• Macy’s image search: An all-new app that allows customers to search the merchandise assortment on by taking and submitting a photograph of any outfit, accessory or merchandise item they see in daily life, Image Search is one of the new technology concepts created in Macy’s San Francisco-based Idea Lab. The visual search will take the customer to similar items on, where they can be purchased. The feature is currently available for iPhone from the Apple App Store, and the functionality will be incorporated into the primary Macy’s app.

• Mobile wallets: Macy’s and Bloomingdale’s have introduced new mobile wallets that enable shoppers to easily store and access offers and coupons virtually. The wallet is designed to create a seamless, omnichannel checkout experience for customers enrolled in loyalty rewards programs whether in-store, on the go via their mobile devices or at home through desktop interaction.

• The wallets are already available to customers with profiles on and/or, where shoppers can currently access the functionality via desktop, mobile devices and in-store at point-of-sale registers nationwide. In November, the company’s mobile apps will add the wallet function.

• In-store selling technology: Macy’s is piloting a variety of selling technology innovations at select stores in Georgia and New Jersey, including a new generation of enhanced handheld point-of-sale devices and tablets designed to improve the in-store shopping experience by enabling sales associates to engage customers more effectively, offer merchandise ideas and product information, and speed transactions.

• Macy’s is testing Connect@Macy’s Centers in select locations as in-store destinations for online order pickup, with increased associate staffing to help customers with styling and product advice. In pilot stores, customers also can shop Macy’s omnichannel assortment via electronic kiosks and large interactive “lookbook” displays, and purchase on mobile devices if they prefer. The most successful of the new point-of-sale technology is expected to be refined and rolled out to additional stores.

• Enhanced shopping apps: Macy’s and Bloomingdale’s have launched all-new mobile shopping apps for iOS and Android. Enhanced navigation allows customers to easily and quickly move between features, reach desired product with fewer clicks, check-out more quickly, as well as the enhanced ability to manage gift registries. New improvements to the shopping experience on the mobile apps will be continually added throughout the fall season and beyond.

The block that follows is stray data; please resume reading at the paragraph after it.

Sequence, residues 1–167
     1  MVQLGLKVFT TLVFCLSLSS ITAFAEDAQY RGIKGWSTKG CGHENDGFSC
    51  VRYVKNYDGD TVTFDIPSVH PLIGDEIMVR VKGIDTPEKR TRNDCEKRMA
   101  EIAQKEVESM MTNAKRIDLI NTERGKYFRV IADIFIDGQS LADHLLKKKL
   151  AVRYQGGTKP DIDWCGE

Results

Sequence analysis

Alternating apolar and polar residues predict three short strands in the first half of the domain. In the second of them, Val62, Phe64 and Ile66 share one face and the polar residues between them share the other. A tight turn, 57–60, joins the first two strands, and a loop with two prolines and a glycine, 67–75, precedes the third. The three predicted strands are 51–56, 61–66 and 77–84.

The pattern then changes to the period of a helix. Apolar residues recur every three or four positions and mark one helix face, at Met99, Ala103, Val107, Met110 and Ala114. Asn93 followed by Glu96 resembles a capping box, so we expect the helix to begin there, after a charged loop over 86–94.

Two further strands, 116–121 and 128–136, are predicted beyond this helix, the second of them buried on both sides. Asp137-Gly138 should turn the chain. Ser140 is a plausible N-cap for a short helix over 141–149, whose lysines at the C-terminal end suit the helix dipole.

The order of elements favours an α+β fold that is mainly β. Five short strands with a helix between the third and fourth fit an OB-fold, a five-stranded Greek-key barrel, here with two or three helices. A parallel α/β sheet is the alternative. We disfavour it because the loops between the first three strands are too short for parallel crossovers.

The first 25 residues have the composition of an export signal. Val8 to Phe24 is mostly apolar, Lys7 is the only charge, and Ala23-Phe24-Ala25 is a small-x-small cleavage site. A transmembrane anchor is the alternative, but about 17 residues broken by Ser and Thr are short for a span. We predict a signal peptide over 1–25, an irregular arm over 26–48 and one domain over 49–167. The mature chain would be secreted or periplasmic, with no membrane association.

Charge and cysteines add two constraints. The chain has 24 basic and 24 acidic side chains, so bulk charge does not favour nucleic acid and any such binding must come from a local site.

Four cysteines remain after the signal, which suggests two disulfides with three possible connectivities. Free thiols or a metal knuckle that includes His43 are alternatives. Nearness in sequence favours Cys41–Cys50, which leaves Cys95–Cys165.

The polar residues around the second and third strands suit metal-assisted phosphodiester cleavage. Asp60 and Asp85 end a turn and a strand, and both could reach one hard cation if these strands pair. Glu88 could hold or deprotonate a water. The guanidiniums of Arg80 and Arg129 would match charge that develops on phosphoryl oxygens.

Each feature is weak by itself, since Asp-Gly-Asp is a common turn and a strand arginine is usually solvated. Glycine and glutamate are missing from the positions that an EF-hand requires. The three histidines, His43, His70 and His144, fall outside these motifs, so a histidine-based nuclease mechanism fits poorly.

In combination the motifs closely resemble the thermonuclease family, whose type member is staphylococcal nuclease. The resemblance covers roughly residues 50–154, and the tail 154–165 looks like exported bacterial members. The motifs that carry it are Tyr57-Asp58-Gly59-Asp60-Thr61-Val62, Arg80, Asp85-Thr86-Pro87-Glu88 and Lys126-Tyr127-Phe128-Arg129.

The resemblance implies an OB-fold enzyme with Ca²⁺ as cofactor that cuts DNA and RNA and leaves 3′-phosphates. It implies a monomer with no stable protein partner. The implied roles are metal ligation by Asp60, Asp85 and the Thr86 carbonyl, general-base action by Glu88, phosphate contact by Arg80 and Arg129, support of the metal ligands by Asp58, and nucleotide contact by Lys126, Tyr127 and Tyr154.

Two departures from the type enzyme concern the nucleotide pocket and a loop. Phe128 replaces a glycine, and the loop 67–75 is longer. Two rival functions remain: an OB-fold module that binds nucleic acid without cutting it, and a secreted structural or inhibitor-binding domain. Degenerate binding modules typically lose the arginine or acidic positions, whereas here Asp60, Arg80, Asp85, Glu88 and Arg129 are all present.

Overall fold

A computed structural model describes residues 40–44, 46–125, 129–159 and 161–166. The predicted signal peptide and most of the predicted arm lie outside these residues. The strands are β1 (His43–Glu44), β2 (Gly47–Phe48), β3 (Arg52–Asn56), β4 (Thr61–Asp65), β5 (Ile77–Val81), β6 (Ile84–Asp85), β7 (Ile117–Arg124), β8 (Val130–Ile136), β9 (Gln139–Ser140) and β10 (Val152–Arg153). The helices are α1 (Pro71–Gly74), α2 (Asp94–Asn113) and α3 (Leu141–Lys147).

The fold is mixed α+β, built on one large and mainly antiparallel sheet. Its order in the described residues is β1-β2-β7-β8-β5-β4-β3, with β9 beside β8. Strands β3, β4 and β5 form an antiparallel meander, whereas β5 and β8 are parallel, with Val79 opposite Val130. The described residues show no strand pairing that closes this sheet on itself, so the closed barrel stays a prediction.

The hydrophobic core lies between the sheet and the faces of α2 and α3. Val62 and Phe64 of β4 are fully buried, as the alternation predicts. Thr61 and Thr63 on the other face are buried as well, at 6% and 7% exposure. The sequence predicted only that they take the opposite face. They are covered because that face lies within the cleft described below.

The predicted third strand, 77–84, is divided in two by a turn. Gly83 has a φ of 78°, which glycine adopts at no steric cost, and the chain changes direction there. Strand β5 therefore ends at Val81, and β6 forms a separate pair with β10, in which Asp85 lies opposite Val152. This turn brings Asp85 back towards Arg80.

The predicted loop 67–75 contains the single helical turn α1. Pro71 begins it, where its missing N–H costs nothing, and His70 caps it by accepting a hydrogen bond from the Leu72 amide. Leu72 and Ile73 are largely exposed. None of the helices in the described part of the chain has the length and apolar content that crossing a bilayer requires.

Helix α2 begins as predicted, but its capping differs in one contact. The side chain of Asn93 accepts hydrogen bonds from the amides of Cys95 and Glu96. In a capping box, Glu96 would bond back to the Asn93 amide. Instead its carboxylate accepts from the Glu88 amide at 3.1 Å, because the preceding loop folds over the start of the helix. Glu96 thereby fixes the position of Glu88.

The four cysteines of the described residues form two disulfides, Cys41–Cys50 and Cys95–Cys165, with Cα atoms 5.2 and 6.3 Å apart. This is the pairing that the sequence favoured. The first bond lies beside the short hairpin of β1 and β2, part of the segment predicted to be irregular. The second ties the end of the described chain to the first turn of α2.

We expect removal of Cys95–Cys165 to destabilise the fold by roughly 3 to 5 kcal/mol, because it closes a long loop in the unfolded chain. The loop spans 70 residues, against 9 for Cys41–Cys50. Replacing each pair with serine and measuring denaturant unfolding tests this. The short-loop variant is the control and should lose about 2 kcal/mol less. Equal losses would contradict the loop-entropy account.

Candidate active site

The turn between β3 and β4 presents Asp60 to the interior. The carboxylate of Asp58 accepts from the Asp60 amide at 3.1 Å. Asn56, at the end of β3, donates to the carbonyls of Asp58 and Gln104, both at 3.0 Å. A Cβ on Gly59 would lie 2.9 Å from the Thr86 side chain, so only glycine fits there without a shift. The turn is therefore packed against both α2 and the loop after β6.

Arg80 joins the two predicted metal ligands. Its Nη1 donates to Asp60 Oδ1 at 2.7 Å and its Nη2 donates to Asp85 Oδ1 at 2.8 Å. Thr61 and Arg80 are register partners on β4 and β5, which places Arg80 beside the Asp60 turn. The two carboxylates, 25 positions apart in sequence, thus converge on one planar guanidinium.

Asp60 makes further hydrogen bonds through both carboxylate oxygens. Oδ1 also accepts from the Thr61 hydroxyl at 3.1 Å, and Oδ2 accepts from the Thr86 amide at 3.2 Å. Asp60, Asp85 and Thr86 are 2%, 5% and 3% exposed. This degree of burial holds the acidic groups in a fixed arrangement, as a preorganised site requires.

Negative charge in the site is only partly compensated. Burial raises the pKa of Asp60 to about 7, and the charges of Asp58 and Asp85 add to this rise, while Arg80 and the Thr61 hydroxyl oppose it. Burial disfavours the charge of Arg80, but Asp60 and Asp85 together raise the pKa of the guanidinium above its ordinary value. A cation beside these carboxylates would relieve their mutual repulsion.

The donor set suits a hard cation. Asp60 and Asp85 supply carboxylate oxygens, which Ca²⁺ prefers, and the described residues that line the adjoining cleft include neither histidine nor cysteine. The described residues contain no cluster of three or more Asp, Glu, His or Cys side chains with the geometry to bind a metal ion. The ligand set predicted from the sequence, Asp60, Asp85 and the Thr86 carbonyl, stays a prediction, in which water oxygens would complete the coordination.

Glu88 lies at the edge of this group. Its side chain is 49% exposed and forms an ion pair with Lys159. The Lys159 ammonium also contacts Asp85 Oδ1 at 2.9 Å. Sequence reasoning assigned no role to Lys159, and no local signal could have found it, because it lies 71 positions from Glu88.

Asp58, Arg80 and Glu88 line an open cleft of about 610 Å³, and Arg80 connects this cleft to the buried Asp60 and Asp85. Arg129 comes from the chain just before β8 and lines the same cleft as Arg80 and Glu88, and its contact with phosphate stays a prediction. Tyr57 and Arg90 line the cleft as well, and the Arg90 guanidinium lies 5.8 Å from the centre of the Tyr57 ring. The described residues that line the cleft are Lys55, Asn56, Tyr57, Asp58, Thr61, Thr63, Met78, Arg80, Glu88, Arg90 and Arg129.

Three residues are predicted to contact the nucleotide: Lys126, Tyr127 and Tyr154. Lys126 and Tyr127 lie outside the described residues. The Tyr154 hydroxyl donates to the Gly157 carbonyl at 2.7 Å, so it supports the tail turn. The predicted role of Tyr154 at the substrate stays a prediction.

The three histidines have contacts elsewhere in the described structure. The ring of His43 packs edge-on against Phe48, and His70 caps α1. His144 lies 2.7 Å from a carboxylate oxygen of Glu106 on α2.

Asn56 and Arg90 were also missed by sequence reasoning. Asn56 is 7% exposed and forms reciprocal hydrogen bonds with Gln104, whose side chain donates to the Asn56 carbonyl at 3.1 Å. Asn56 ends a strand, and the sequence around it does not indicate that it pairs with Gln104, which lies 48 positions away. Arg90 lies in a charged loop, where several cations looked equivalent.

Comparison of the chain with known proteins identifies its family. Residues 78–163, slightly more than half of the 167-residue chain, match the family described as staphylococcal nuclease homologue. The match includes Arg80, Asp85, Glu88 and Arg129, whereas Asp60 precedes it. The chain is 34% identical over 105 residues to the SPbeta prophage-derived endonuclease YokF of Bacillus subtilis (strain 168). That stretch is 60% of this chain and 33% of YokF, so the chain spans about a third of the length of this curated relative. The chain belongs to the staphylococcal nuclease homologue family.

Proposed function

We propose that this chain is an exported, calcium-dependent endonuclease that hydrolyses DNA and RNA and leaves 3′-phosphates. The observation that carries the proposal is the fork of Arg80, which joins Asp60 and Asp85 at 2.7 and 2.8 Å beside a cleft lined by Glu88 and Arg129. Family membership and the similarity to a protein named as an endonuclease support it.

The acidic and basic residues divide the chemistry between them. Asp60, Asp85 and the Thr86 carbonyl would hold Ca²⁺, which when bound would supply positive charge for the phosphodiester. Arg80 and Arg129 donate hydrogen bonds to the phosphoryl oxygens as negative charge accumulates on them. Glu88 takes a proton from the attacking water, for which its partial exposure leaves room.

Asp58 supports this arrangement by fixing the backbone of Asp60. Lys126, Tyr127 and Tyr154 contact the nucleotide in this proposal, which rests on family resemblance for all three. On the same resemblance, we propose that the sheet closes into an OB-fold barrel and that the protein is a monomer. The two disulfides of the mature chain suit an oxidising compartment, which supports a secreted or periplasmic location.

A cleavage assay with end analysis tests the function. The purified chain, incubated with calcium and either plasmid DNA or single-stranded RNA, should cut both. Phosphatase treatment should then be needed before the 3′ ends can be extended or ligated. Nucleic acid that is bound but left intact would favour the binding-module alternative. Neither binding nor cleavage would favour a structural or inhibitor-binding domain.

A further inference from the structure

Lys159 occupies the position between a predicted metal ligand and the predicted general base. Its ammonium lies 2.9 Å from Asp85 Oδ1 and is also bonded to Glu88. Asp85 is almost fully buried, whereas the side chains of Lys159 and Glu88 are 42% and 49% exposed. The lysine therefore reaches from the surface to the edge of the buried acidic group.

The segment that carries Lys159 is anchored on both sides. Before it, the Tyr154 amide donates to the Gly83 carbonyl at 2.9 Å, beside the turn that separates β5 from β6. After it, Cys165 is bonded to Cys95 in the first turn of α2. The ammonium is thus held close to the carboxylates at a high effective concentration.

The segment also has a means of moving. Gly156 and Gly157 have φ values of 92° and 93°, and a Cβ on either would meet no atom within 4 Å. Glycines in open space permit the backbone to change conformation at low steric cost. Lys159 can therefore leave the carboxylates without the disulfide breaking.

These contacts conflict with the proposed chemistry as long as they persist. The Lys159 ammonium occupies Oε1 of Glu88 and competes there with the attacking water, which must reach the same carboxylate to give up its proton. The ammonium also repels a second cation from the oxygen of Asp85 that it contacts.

• RFID: Macy’s and Bloomingdale’s are seeing tangible results from their adoption of radio frequency identification (RFID) technology that began rolling out in 2011. In recent omnichannel pilots in several fashion categories, Macy’s documented RFID’s ability to significantly improve sales, gross margins and markdowns by better leveraging inventory counts that are real-time and accurate. Additional rollout of RFID tagging in fashion categories is planned for 2015.

• Digital catalogs: With the launch of Macy’s fall fashion direct mail catalog, will offer a digital edition that leverage the functionality of the tablet experience to introduce customers to an enhanced catalog featuring exclusive editorial content, fashion advice, and closer looks at the product and curated product suggestions. Customers will be able to interact with enhanced content from three of Macy’s fall fashion catalogs including the women’s ready-to-wear/accessories fashion book, the men’s fashion book and Macy’s beauty catalog.

• The virtual guides will offer consumers the interactive opportunity to learn about the season’s top trends, get 360 degree views of products, see fashion tip videos, and crea